“Jesus, remember me when you come into your kingdom.”

There was nothing about that moment that appeared Royal. Jesus did not appear to be a King in any way. He was dying the worst form of death that the Romans had perfected. Crucifixion was so bad it was below the dignity of Roman citizens, even the worst of their criminals. It was reserved for non-Romans, for “Roman slaves.” A sign hung over his Cross ordered to be put there by Pontius Pilate, “This is the King of the Jews.” A sign of mockery. Yet, “the good thief” as Tradition speaks of him, a convicted criminal being crucified next to Jesus, was able to see through that moment and was able to recognize Jesus as King. His kingdom was not of this world. He would say to Christ the King, “remember me when you come into your kingdom.”

It is becoming increasingly difficult to recognize Jesus as King in our own time, and yet, like the “good thief”, we are called to recognize Him as King. This is an urgent call with profound consequences.

The feast of Christ the King is encouraging, challenging, and prophetic.

It is encouraging because we celebrate a present reality. Jesus Christ is King. Nothing can take away his kingship. It does not depend on us, on our recognizing Him as King for Him to be King.

It is a challenging feast because we are confronted with the question: Is Jesus Christ my King? Your King? In every dimension of our lives? Perhaps there are areas in our life where He is King, and yet, we are forced to ask ourselves, Is Jesus Christ King in every aspect of my life?

It is a prophetic feast. A fairly recent feast on the liturgical calendar, instituted in 1925, it remains a prophetic call to establish Jesus Christ as King in every dimension of life.  

In 1925 the world was still recovering from the “Great War”, World War I, that raged from 1914-1918. There was nothing “great” about the war. During the war, there were over 40 million military and civilian casualties. Of those, an estimated 15-19 million died during the war. 32 Countries were involved in the War by the time it was over. It was a profound human tragedy. And, all of the countries involved had strong historically Christian roots. A profound tragedy that raised serious questions.

Pope Pius XI, in 1925, wrote a letter called Quas Primas (“On the Feast of Christ the King”) to identify the root causes of this tragedy and to point to the solution. And, in that letter, he instituted this great feast to be a perpetual prophetic call to live the truth that Christ is King as the only way to restore and keep peace.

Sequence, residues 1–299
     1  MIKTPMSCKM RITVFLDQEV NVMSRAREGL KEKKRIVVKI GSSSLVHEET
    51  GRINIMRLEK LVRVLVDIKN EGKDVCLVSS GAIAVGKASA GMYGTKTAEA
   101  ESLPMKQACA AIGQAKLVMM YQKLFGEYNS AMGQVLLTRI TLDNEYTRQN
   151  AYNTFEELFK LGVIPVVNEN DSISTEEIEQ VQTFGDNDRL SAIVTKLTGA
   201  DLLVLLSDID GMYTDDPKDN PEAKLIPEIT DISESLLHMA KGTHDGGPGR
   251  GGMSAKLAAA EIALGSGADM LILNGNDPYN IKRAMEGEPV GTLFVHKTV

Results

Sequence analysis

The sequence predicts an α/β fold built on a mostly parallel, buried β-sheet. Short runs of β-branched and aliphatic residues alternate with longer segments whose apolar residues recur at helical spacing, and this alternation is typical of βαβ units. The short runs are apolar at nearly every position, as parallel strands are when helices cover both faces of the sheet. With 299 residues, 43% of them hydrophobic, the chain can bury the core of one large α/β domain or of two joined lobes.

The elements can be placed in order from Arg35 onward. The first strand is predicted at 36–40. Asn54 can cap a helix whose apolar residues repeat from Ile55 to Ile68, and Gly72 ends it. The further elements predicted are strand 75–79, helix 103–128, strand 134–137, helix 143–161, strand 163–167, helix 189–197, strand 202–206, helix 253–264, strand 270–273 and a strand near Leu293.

The letter begins with these words: “In the first Encyclical Letter…we referred to the chief causes of the difficulties under which mankind was laboring…saying that these manifold evils in the world were due to the fact that the majority of men had thrust Jesus Christ and his holy law out of their lives; that these had no place either in private affairs or in politics: and we said further, that as long as individuals and states refused to submit to the rule of our Savior, there would be no really hopeful prospect of a lasting peace among nations. Men must look for the peace of Christ in the Kingdom of Christ.” (Quas Primas, 1)

The tragedy of the First World War was the result of the failure to live the truth that Jesus Christ is King. This failure started in individual hearts, and then families, and then communities, and then nations, and, ultimately, contributed to the devasting First World War. Pope Pius XI wrote the letter and instituted the feast as a prophetic gesture. If only the world had heeded the message. 15 years later, the world was engulfed in an even “greater” war with even more tragic consequences, known at the Second World War.

And, just as the world needed to be called to live the truth that Jesus Christ is King in 1925, so to we need that call today. Perhaps more than ever.

We are called to have Christ be the king of our minds, of our free will, of our affections, of our priorities, of every aspect of our lives.